By Haddon Libby

Will history judge Putin’s incursion into the Ukraine as a difficult but necessary move for Russia in defending its borders from the West, personal freedoms and democracy?  Or could it be the beginning of the end to at least one more autocracy?  Either way, the quiet détente that has existed between the West and Russia seems permanently altered so long as Putin leads the Russian nation.

In addition to world condemnation, companies like Apple, Dell, Microsoft, Google, Nike, Mercedes Benz, Disney, Ford, Toyota, Honda, Volkswagen and Ikea have stopped all sales in Russia in response to the Ukrainian invasion.  Electronic Arts, the software company responsible for Battlefield, Madden, Sims and FiFA have pulled out of the market.  Chanel and Hermes have stopped exports to Russia.  Visa and MasterCard have stopped supporting Russian transactions.  This swift action by the West along with Russia’s ban from the SWIFT banking system leaves Russians on an island inhabited by some of the world’s greatest despots.

Even Meta aka Facebook is banning Russia deception from its platform.

Some companies with significant operations in Russia have remained fairly quiet and continue operations.

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Russia is Pepsi’s third largest market with $3 billion in sales.  Globally, Pepsi sales total $79 billion.  For comparison, Coca-Cola has only $200 million of its $37 billion sales from Russia.

McDonald’s is facing challenges from both fronts – Russians who will boycott their 635 locations in the country and global boycotts amongst its 38,400+ other restaurants as the chain remains in Russia.

Procter & Gamble, the makers of products like Tide, Pampers, Head & Shoulders, Pantene and Always employs more than 2,000 people and have invested over $250 million in its operations in the country and donated millions to its community.  P&G remains silent.

Bunge is one of the world’s largest agricultural commodity companies.  10% of its $1.2 billion in annual sales come from Russia.  Cargill is a private company with 2,500 employees in Russia and is one of the countries’ largest agro-processors.  Both companies state that they are watching the situation carefully yet continue to operate in Russia.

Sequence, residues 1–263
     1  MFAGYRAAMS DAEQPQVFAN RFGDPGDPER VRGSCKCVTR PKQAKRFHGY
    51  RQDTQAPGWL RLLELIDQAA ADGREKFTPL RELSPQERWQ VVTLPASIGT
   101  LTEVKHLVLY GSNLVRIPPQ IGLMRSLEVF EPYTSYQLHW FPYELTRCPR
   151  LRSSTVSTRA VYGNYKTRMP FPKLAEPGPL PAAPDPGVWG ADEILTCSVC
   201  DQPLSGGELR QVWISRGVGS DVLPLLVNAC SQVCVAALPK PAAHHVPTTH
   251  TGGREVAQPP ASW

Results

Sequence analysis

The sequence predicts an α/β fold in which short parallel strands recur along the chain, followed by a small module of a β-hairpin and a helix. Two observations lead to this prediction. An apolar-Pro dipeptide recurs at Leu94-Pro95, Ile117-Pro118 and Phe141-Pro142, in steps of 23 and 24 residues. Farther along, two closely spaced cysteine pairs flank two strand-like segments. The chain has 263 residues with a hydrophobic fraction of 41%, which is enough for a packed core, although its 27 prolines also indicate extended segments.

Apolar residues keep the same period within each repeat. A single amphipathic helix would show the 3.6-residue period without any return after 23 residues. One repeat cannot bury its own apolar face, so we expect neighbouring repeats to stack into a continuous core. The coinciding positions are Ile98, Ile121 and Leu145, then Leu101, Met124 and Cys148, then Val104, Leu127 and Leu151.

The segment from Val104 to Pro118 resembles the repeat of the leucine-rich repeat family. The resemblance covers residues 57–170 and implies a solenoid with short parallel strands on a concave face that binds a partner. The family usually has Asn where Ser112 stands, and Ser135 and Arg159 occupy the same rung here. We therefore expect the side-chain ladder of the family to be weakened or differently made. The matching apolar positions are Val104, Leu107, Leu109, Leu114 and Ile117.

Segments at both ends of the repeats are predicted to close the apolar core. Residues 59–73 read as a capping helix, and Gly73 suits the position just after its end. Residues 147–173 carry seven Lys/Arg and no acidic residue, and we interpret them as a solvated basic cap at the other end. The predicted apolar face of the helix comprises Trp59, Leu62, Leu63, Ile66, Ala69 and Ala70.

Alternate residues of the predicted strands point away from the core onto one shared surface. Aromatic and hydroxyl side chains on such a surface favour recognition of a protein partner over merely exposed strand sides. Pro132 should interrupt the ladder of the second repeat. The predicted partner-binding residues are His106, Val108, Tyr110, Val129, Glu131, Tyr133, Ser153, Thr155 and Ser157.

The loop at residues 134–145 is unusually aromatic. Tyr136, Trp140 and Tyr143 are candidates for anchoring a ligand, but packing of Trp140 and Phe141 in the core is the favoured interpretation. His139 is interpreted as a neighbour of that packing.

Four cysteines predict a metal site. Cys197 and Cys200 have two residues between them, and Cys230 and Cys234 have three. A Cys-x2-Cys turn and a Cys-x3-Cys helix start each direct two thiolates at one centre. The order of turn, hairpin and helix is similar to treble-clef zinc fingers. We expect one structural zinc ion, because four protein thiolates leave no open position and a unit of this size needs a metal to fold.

Citibank has the largest operations in Russia of any US bank with nearly $10 billion of the banks’ $2.3 trillion in assets.  Reuters reports that Italian and French banks have the largest exposure at $25 billion each with Austrian banks holding $17.5 billion.  Outside of Citibank, US banks have $4.7 billion in exposure.  Societe Generale and ING are two of the better-known banks with exposure.

BP, ExxonMobil and Shell are walking away from their oil and gas interests in Russia and will lose billions in return.  France’s Total remains involved in Russia. With as much as 20% of Total revenues from Russian operations along with the need for Russian oil in the Eurozone, this company is taking a more economically balanced if politically unpopular position for now.  Total’s position is similar to President Biden who wants to continue to allow Russian imports even though Russian oil is only 3% of U.S. oil consumption.  Biden’s stance seems due to his concerns over inflation.  If oil price increases stay too high for too long, the cost of energy will cause high prices to go even higher.  With mid-term elections coming and Democrats likely to lose control of the House and Senate come November, only a naïve person would think that November has nothing to do with the unpopular stance.  While the U.S. economy went into this global conflict with one of the strongest economies in the world, $6/gallon gas will put the US economy into reverse quickly if high prices continue for too long.

While Russia the nation went into this aggression in a strong financial position, its people could were not ready for the economic problems coming due to the world’s repudiation of Putin’s aggression.  Unless Russia finds some path toward controlling its aggressions that placates the West, the Russian economy will face a deep depression.

By overplaying his hand and attempting to fear the Ukraine people and the world into his view of its proper order, Putin has done about the only thing that you can do to bring the West together – threaten our peaceful existence, however challenged it may be.

Haddon Libby is the Founder and Chief Investment Officer of Winslow Drake Investment Management.  For more information, please visit www.WinslowDrake.com.